Why Your Family Name Was Not Changed at Ellis Island

The New York Public Library is the latest organization to publish an article about the myth of “the family name was changed at Ellis Island” and then describes exactly one exception. Almost every genealogy writer in the US, including myself, has written about the myth before. It is nice to see someone with the authority and credentials of the New York Public Library write about it. Perhaps this fairy tale will now be put to rest.

The article by Philip Sutton says many things, including:

“There is a myth that persists in the field of genealogy, or more accurately, in family lore, that family names were changed there. They were not. Numerous blogs, essays, and books have proven this. Yet the myth persists; a story in a recent issue of The New Yorker suggests that it happened. This post will explore how and why names were not changed.”

The article then humorously goes on to describe one exception. Despite the clarification of the name change myth, there was one person’s whose name actually was changed at Ellis Island. Harry Zarief, “the assistant concert master for Morton Gould,” and famously a father of quadruplets, had his name changed at Ellis Island from Zarief to Friedman. The man now named Harry Friedman apparently was not happy with the name change.

In 1944, HarryFriedman went to court and obtained a legal change of name, BACK TO ZARIEF!

You can find the article, Why Your Family Name Was Not Changed at Ellis Island, at https://goo.gl/DxpnMy.

My thanks to newsletter reader William M. Wilson for telling me about the article.


I do believe that names were not changed at the arrival at Ellis Island, but when the manifests were transcribed and made searchable, very many names and other information changed. I do not know who did that marvelous job, but I guess it was mainly Americans with no knowledge of the country or language where the immigrants came from. In that operation thousands of names were read wrong, in some cases very wrong. This fact which I suppose is valid for most countries, may be the origin to the myth. Thus the searchable database at Ellis Island is difficult in many cases because the names are changed from the original.


Over the years I have assisted many newbie genealogists who insist Ellis Island inspectors routinely “Americanized” immigrants’ ethnic surnames and no matter what I say they remain convinced that this happened with their ancestors. I will be very glad to have this article on hand the next time I hit that wall.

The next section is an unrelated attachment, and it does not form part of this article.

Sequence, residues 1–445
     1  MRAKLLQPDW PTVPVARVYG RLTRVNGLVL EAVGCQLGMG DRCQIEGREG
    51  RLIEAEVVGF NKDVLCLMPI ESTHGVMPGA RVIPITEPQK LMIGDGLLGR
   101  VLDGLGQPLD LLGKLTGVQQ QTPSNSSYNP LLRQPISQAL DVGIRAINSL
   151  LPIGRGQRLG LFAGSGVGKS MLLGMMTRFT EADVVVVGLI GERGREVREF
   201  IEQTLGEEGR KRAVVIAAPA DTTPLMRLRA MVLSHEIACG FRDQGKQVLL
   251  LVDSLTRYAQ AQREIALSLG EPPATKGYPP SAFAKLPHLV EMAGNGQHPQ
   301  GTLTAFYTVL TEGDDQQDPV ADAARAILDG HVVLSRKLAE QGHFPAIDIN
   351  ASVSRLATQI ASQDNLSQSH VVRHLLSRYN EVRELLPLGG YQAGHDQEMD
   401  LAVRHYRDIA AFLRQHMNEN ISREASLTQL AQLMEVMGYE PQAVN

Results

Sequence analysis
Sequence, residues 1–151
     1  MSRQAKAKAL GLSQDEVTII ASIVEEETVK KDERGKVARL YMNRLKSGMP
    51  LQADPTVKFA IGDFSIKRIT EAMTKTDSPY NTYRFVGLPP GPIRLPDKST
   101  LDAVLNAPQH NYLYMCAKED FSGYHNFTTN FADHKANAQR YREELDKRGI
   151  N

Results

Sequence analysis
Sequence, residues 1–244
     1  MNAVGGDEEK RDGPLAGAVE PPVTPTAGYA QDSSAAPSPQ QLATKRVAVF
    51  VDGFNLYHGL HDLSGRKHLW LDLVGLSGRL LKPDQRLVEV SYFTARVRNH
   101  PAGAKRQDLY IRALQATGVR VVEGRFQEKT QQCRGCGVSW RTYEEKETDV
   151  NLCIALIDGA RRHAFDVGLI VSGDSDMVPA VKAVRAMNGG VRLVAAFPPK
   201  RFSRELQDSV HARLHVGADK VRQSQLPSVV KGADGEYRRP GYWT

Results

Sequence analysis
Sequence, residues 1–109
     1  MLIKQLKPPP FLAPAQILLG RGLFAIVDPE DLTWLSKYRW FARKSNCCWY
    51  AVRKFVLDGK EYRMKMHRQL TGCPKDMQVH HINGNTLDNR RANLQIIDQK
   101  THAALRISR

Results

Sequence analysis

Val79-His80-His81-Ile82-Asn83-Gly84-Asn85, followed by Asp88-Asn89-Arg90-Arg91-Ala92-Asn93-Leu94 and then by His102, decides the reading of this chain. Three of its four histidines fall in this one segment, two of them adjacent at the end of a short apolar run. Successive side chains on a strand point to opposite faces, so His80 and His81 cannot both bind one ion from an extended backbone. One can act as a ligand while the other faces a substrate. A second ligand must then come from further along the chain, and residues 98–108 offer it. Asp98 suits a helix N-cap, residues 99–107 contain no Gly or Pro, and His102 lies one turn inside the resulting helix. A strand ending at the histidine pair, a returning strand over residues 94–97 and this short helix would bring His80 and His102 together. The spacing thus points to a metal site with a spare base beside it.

My Godfather came to America about 1900 and died in 1973. Our name was shortened by the Ellis Island Inspector so that it would sound American. It was not our family’s choice.


My dad had a neighbor who was from Italy. Her surname was Fox. He asked her why her name was Fox because it wasn’t Italian. She said when she came here the Inspector at Ellis Island asked her what her name in Italian meant and she said Fox. She said he then wrote Fox on her papers.


I believe that no one answer such as described in this article fits all immigrants. There were plenty of names changed, if not intentionally because the inspectors could not understand the foreign speaking person who could at the same time not write in English, or for dozens of other reasons. My Grandfather, b. 1890 in Russia, d. 1972 Detroit, whom I interviewed on many occasions for genealogical and family history purposes in the 1960’s, told me that in indeed both names were changed. He knew…he was there…as were his two brothers. His name in Yiddish was Yussel Kazimierek. HE was told his name was “JOE” in English upon arrival. HE did not know anything about JOE or that he should have been called JOSEPH instead. So he accepted it. HE was told the inspector could not spell his last name and it had to be “AMERICANIZED” as it was too long for the form. So the worker changed it to KASMER, a common POLISH name at the time used by many other immigrants. His brothers were changed at the same time. They did not get together and discuss and decide on a last name..it was changed for them. Kazimierek to Kasmer. They had no choice.I will go to my grave believing my grandfather’s history told to me in person. Regina Bruner Markowicz